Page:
Neal Katyal, who once defended one of Osama Bin Laden’s closest associates, has been chosen to legally represent the state of Hawaii in its standoff against President Donald Trump’s amended executive order.
As an extension of Hawaii, Katyal officially motioned against Trump’s temporary stay on visa clearances from six predominantly Muslim countries, on Tuesday.
Notable changes to the presidential legislation include the erasure of Iraq from the list of countries barred from granting green cards, while residents of the remaining six countries will now be able to obtain visas on the basis of conditionality. Katyal intends to debate that the president’s newest order is no better than its predecessor.
In 2006, Katyal represented Samir Hamdan, Bin Laden’s former bodyguard in the famous Hamdan v. Rumsfeld docket. Katyal argued and eventually convinced the court that war criminals such as Hamdan were naturally subjected to inherit the same civil rights as green card holders.
In a snippet of his defense, Katyal argued the following on behalf of Samdan:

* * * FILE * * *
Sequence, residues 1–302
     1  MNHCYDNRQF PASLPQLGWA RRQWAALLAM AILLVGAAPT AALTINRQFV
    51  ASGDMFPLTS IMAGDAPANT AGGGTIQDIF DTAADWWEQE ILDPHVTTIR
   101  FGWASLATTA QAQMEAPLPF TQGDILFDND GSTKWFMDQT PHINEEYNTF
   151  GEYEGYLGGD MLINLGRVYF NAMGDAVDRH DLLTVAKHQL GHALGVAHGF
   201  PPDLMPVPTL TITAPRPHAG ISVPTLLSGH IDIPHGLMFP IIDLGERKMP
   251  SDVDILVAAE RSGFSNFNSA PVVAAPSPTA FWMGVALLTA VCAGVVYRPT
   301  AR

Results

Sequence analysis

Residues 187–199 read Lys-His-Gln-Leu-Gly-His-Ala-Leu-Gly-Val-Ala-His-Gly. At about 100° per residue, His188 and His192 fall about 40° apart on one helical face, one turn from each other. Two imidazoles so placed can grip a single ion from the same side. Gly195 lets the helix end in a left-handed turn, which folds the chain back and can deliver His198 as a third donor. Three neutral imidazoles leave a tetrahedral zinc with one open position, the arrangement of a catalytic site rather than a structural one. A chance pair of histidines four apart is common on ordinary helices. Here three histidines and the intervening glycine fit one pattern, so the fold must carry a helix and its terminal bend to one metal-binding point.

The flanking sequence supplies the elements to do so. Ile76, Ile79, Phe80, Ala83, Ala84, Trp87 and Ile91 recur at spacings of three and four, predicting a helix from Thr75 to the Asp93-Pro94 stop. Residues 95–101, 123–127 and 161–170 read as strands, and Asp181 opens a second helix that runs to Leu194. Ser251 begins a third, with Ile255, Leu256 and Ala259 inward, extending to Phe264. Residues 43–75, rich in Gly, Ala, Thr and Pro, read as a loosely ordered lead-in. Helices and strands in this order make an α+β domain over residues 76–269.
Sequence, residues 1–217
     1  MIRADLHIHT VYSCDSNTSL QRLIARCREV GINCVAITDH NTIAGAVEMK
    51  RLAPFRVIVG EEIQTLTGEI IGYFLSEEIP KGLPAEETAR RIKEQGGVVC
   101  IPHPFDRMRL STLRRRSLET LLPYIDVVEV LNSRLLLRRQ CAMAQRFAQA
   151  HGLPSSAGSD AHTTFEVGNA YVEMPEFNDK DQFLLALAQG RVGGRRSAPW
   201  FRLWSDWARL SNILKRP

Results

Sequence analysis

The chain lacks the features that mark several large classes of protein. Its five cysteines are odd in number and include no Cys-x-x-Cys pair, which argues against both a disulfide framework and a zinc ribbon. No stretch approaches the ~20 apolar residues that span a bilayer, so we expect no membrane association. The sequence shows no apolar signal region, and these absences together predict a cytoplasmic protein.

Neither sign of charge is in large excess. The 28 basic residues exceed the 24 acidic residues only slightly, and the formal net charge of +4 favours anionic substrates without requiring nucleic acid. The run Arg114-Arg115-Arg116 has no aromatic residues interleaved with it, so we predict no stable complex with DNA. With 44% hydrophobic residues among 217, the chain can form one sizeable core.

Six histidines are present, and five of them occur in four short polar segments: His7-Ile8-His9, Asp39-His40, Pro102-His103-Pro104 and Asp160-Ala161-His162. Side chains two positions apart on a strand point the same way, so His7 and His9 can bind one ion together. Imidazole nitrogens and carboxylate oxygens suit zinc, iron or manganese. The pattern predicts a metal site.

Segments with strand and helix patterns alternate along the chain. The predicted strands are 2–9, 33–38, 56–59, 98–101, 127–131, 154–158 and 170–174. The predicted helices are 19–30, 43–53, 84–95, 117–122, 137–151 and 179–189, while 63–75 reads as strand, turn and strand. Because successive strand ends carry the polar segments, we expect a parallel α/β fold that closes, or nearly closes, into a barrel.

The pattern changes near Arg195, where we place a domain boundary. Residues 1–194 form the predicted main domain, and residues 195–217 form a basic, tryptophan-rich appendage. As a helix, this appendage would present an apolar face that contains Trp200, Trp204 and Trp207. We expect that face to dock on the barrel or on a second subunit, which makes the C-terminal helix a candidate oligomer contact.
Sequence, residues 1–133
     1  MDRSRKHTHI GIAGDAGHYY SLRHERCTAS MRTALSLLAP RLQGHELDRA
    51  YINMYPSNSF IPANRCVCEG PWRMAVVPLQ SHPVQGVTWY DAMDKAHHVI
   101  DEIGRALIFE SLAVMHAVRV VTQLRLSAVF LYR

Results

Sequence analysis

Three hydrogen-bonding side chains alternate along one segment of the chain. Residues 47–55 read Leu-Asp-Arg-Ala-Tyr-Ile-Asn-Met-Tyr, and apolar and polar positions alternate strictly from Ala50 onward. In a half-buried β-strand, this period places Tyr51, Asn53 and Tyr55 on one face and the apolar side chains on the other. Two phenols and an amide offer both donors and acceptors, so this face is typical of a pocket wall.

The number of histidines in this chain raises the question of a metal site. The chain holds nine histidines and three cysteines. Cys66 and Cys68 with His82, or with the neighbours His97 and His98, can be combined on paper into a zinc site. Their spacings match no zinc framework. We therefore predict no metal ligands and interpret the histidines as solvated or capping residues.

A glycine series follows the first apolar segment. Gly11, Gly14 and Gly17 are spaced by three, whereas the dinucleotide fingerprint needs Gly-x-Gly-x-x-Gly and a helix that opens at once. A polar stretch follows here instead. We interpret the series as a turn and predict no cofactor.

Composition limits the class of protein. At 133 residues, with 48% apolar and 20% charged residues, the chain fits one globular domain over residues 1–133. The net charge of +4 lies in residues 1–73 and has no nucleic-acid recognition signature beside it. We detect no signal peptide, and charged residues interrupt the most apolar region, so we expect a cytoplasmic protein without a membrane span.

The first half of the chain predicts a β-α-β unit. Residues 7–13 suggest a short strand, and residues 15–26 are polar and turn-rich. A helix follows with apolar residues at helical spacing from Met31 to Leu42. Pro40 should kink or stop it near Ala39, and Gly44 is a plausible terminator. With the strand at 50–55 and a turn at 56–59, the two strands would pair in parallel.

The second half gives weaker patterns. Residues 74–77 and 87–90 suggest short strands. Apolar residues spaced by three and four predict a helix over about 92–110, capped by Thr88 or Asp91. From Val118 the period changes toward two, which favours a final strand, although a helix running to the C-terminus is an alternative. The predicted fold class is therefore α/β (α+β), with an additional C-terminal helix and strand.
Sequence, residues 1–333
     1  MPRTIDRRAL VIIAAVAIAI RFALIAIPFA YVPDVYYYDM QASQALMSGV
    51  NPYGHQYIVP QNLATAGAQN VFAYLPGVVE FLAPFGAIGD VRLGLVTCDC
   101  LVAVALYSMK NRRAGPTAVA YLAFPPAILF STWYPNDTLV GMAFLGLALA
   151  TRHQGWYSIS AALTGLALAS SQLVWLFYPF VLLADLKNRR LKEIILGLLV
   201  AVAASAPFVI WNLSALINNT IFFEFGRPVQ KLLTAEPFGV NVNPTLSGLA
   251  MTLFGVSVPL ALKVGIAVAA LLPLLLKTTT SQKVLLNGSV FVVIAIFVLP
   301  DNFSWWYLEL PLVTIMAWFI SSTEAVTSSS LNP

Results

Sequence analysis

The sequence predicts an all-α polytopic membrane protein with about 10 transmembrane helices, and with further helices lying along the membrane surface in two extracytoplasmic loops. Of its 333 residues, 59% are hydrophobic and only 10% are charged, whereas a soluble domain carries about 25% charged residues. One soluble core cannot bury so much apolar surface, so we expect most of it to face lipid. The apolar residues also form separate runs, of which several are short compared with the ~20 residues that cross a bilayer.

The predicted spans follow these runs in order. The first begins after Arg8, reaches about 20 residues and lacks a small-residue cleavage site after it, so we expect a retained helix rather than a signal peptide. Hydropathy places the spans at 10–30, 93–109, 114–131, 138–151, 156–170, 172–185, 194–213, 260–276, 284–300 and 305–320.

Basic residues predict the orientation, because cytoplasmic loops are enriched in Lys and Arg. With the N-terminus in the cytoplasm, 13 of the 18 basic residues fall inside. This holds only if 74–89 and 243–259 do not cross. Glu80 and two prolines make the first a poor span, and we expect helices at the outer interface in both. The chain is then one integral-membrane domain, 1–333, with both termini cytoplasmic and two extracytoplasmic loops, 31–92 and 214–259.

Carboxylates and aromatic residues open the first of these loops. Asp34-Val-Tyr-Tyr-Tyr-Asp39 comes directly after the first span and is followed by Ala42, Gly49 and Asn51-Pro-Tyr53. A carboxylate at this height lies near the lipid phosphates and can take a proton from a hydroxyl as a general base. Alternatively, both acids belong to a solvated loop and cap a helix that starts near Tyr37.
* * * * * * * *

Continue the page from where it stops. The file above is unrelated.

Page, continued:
These trials are not “equal justice”: For the first time since equality was written into our Constitution, America has created one criminal trial for “us” and one for “them.”The rules for the Guantanamo trials apply only to foreigners—the millions of green-card holders and five billion people on the globe who are not American citizens. An American citizen, even one who commits the most horrible and treasonous act (such as the detonation of a weapon of mass destruction), gets the Cadillac version of justice—a criminal trial in federal court. Meanwhile, a green-card holder alleged to have committed a far less egregious offense gets the beat-up Chevy: a military commission at Guantanamo. Before that commission, that noncitizen will have few of the very rights America has championed abroad, and he can be sentenced to death.
Once the interim solicitor general of the U.S. and viewed as a potential Supreme Court justice under President Barack Obama, Katyal’s candidacy for the country’s highest domestic court soon fizzled. His past, some deemed, was unlikely to clear the Senate floor.
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